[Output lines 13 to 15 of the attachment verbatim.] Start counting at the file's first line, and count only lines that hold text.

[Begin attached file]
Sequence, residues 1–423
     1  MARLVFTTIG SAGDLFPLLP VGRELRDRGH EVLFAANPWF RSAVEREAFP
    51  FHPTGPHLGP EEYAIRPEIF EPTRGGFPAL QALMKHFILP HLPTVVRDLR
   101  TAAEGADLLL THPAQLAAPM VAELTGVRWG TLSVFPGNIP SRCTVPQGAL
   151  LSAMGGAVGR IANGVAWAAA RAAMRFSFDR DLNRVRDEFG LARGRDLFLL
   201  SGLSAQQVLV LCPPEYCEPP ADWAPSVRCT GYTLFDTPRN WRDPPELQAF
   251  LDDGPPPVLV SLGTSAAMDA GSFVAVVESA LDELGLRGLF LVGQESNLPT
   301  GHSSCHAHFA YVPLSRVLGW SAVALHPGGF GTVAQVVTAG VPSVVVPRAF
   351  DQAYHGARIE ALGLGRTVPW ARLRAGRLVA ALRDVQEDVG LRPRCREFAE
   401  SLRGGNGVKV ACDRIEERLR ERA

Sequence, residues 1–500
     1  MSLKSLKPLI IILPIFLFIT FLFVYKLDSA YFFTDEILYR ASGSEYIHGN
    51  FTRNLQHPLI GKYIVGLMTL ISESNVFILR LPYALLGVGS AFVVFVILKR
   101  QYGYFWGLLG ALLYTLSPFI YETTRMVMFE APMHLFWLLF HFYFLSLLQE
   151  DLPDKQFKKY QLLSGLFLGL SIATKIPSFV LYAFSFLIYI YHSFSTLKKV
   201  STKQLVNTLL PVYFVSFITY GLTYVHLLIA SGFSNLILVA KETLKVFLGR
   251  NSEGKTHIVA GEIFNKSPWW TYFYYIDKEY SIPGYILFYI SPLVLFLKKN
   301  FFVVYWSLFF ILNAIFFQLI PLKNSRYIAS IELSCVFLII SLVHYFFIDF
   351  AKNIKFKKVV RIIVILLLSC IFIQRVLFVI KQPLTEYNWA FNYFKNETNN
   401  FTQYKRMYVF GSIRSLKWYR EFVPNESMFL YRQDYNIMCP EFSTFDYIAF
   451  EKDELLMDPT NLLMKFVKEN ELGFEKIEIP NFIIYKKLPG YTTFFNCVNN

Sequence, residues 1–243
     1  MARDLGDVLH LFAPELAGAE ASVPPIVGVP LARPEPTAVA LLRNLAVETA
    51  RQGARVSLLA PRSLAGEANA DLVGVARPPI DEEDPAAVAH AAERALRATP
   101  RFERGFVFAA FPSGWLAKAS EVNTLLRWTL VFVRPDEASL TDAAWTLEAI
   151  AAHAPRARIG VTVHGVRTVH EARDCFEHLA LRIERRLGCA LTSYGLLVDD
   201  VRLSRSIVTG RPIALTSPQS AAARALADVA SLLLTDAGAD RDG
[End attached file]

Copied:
    51  FTRNLQHPLI GKYIVGLMTL ISESNVFILR LPYALLGVGS AFVVFVILKR
   101  QYGYFWGLLG ALLYTLSPFI YETTRMVMFE APMHLFWLLF HFYFLSLLQE
   151  DLPDKQFKKY QLLSGLFLGL SIATKIPSFV LYAFSFLIYI YHSFSTLKKV